Sir Srinivasa Ramanujam

(1887 – 1920):

Great Indian Mathematician, whose interest from academics at Trinity, College, Cambridge, led him to collaborate there and postulate and prove well over 3,542 theorems

**Ramanujan was among greatest mathematical geniuses. He made substantial contributions to the analytical theory of numbers and worked on elliptic functions, continued fractions, and infinite series.**

**Born in poor family in pre-independent India, Ramanujan discovers the power of number theory. ****He gave many theorems & proofs, some of them are still problem to present mathematicians. **

**Srīnivāsa Aiyangār Rāmānujan ****FRS****, known as Srinivasa Iyengar Ramanujan ****(22 December 1887 – 26 April 1920) was an Indian ****mathematician**** who, with almost no formal training in ****pure mathematics****, made substantial contributions to ****mathematical analysis****, ****number theory****, ****infinite series**** and ****continued fractions****.**

**Born and raised in ****Erode****, ****Tamil Nadu****, ****India****, Ramanujan first encountered formal mathematics at age 10. He demonstrated a natural ability, and was given books on advanced ****trigonometry**** written by ****S L Loney****. He had mastered them by age 12, and even discovered ****theorems**** of his own. He demonstrated unusual mathematical skills at school, winning accolades and awards. By 17, Ramanujan conducted his own mathematical research on ****Bernoulli numbers**** and the ****Euler–Mascheroni constant****. **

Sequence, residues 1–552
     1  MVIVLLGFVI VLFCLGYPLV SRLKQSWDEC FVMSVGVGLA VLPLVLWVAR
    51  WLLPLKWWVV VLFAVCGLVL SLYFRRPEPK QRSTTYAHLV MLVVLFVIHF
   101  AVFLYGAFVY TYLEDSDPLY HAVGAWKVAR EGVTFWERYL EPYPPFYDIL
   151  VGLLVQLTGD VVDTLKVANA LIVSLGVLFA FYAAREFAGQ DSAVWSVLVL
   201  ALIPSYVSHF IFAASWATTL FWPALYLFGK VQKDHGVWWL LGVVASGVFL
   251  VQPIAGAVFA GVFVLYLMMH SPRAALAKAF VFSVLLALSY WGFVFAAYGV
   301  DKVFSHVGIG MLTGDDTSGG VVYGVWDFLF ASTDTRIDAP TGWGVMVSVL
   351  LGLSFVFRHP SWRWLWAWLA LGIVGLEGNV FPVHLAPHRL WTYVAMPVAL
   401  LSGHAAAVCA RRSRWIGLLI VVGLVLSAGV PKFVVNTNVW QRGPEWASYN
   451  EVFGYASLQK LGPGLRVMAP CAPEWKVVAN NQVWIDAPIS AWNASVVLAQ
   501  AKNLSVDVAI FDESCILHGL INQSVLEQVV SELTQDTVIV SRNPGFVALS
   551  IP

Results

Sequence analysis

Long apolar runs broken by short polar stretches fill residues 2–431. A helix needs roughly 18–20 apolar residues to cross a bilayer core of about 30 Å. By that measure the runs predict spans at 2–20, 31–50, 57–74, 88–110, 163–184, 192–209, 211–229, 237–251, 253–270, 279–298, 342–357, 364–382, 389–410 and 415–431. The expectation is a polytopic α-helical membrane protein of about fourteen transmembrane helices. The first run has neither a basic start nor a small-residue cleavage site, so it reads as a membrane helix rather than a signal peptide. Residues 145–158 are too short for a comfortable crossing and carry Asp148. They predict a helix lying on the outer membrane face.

**He received a scholarship to study at Government College in ****Kumbakonam****, but lost it when he failed his non-mathematical coursework. He joined another college to pursue independent mathematical research, working as a clerk in the Accountant-General's office at the Madras Port Trust Office to support himself. **

**In 1912–1913, he sent samples of his theorems to three academics at the ****University of Cambridge****. Only ****G. H. Hardy**** recognized the brilliance of his work, subsequently inviting Ramanujan to visit and work with him at Cambridge. He became a ****Fellow of the Royal Society**** and a Fellow of ****Trinity College, Cambridge****, dying of illness, malnutrition and possibly liver infection in 1920 at the age of 32.**